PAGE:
Cluster of hepatitis cases in US children may be tied to common virus
U.S. doctors should be on the lookout for unexplained liver inflammation in children, the Centers for Disease Control and Prevention (CDC) advised Thursday (April 21). Affected children should be screened to see if they’ve been infected with an adenovirus, a type of virus that’s been flagged as a potential cause of the condition, the agency noted.
The recommendation comes after health officials identified a cluster of children with both liver inflammation, also called hepatitis, and adenovirus infections in Alabama, according to the CDC. Two additional cases of pediatric hepatitis have been reported in North Carolina, although it wasn’t noted if these were also associated with adenovirus infections, according to NBC News. Similar cases of unexplained hepatitis have also been reported in Europe, including in the United Kingdom, where some of the affected children tested positive for adenovirus, the CDC said.
In Alabama, five historically healthy children were hospitalized in November 2021 after developing significant liver injuries due to hepatitis, according to the Health Alert Network (HAN) health advisory issued by the CDC. Three of the five children developed acute liver failure, wherein the organ loses function very rapidly. All five of the children tested positive for an adenovirus, which belongs to a family of viruses that can cause the common cold, pink eye and bronchitis, among other illnesses.
These initial five cases prompted the hospital to launch a wider investigation, and the doctors identified four additional children who’d been treated for hepatitis between October 2021 and February 2022; all of these children tested positive for adenovirus, as well.
Samples taken from five of the nine children were run through a thorough genetic analysis, which revealed that all of the children were specifically infected with adenovirus type 41. This virus typically causes inflammation of the stomach or intestines, known as acute gastroenteritis, in children, according to the CDC.
Gastroenteritis typically causes diarrhea, vomiting and fever, and “it can often be accompanied by respiratory symptoms,” the HAN health advisory stated. Although adenovirus type 41 has previously been linked with hepatitis in children with weakened immune systems, this particular virus “is not known to be a cause of hepatitis in otherwise healthy children,” the advisory said.
Having identified these nine cases, “a possible association between pediatric hepatitis and adenovirus infection is currently under investigation,” the advisory stated. U.S. doctors who might encounter children with hepatitis of unknown cause should consider testing such children for adenovirus and report the cases to state public health authorities and to the CDC, the advisory said.
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U.K. health officials recently launched their own investigation into dozens of pediatric hepatitis cases that have cropped up in the country in recent months, some of which progressed to liver failure, Live Science previously reported. All of the affected children tested negative for hepatitis viruses (hepatitis A, B, C, D and E). But some tested positive for adenoviruses, and some tested positive for SARS-CoV-2, the virus that causes COVID-19.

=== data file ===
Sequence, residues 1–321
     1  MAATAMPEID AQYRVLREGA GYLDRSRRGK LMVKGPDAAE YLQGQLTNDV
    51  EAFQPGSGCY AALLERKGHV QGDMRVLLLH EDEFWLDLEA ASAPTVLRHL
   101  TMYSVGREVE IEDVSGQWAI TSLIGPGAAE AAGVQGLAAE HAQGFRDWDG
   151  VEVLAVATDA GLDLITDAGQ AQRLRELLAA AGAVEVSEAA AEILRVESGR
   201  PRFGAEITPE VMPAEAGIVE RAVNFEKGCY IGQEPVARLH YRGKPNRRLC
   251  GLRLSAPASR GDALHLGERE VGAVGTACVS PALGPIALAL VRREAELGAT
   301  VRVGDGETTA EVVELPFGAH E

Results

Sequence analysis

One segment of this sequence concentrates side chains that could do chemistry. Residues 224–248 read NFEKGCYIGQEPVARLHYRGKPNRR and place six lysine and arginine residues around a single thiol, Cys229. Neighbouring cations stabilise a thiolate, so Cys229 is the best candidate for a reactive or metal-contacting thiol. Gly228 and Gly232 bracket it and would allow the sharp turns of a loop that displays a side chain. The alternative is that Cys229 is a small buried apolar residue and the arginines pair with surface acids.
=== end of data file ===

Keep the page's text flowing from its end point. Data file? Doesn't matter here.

None of the children in the U.S. cluster have tested positive for COVID-19, according to the HAN health advisory.
U.K. officials also suspect that an adenovirus might be the underlying cause of the cases there, but investigations are ongoing, they wrote in a report published April 14 in the journal Eurosurveillance.
Beyond the U.K. and the U.S., similar hepatitis cases have now been reported in Spain, Denmark and the Netherlands, Science reported.
Symptoms of hepatitis include fever, fatigue, loss of appetite, nausea, vomiting, abdominal pain, dark urine, light-colored stools, joint pain and jaundice, meaning yellowing of the skin or the whites of the eyes, according to the advisory. Potential complications of hepatitis include liver failure and death, and liver transplants are typically used to treat end-stage liver failure, according to Stanford Children’s Health. Among the affected children in the U.S., two required liver transplants, according to the CDC advisory, and several of the affected kids in Europe also required liver transplants, Live Science previously reported.
Affected children often have unusually high levels of liver enzymes — namely aspartate aminotransferase (AST) and/or alanine aminotransferase (ALT) — in their blood. Because of this, the CDC is asking doctors and state public health authorities to report any cases of children having remarkably high AST or ALT levels that happened between October 2021 and now.
Originally published on Live Science.
Nicoletta Lanese is a staff writer for Live Science covering health and medicine, along with an assortment of biology, animal, environment and climate stories. She holds degrees in neuroscience and dance from the University of Florida and a graduate certificate in science communication from the University of California, Santa Cruz. Her work has appeared in The Scientist Magazine, Science News, The San Jose Mercury News and Mongabay, among other outlets.
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